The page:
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Hayden – “Obama administration takes several wrong paths in dealing with terrorism”

January 31, 2010

General Hayden makes the point that I was trying to make last night. I wish I had seen this then it would have made things simpler –

None of that happened in Detroit. In fact, we ensured that it wouldn’t. After the first session, the FBI Mirandized Abdulmutallab and — to preserve a potential prosecution — sent in a “clean team” of agents who could have no knowledge of what Abdulmutallab had provided before he was given his constitutional warnings. As has been widely reported, Abdulmutallab then exercised his right to remain silent.

In retrospect, the inadvisability of this approach seems self-evident. Perhaps it didn’t appear that way on Dec. 25 because we have, over the past year, become acclimated to certain patterns of thought.

(…)

Even tough government organizations, such as those in the intelligence community, figure out pretty quickly what their political masters think is not acceptable behavior. The executive order that confined interrogations to the Army Field Manual also launched a task force to investigate whether those techniques were sufficient for national needs. Few observers believed that the group would recommend changes, and to date, no techniques have been added to the manual.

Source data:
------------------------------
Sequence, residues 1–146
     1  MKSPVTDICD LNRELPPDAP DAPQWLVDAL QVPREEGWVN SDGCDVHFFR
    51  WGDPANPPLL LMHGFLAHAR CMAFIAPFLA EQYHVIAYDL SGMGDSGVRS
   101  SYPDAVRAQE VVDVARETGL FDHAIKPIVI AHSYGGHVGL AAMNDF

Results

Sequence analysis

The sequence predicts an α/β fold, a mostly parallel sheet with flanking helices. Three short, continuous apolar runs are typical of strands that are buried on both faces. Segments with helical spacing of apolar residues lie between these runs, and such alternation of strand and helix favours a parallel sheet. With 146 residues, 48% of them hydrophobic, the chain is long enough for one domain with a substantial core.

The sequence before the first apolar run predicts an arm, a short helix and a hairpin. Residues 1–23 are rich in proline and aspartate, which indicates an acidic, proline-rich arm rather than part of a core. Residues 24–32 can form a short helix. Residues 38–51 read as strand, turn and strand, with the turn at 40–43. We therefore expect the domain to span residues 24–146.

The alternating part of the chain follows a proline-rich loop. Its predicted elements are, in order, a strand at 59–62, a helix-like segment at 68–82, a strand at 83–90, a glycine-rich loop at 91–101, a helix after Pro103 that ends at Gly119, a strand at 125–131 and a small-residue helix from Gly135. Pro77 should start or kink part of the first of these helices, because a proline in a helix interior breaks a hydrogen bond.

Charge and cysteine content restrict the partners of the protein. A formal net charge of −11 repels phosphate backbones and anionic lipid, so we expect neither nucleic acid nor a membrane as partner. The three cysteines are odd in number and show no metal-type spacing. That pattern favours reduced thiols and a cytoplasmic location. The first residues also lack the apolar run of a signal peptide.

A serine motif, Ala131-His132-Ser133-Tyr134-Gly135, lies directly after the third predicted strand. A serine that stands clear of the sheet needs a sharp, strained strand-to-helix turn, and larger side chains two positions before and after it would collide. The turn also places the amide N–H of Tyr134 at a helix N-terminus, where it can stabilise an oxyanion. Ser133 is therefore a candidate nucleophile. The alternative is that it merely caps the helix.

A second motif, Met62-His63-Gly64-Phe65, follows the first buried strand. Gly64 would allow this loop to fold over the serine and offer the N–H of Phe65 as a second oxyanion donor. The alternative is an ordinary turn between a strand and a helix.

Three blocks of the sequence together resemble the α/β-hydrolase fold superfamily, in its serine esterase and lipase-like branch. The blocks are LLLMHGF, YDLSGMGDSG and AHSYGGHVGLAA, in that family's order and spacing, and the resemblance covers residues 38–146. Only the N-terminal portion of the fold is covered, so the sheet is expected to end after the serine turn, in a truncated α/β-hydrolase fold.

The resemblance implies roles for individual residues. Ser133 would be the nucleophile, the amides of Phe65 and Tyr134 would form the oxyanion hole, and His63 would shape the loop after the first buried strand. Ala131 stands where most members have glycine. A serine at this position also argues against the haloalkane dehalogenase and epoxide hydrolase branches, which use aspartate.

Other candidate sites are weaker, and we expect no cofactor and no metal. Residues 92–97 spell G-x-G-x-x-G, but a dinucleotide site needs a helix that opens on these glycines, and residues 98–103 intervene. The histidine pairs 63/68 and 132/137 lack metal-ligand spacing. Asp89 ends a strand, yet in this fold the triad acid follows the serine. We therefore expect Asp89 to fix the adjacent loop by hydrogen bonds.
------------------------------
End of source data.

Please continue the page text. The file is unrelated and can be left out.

(…)

Some may celebrate that the current Justice Department’s perspective on the war on terrorism has become markedly more dominant in the past year. We should probably understand the implications of that before we break out the champagne. That apparently no one recommended on Christmas Day that Abdulmutallab be handled, at least for a time, as an enemy combatant should be concerning. That our director of national intelligence, Denny Blair, bravely said as much during congressional testimony this month is cause for hope.

Much better explanation of why I think the FBI agents made the only choice that they really could.

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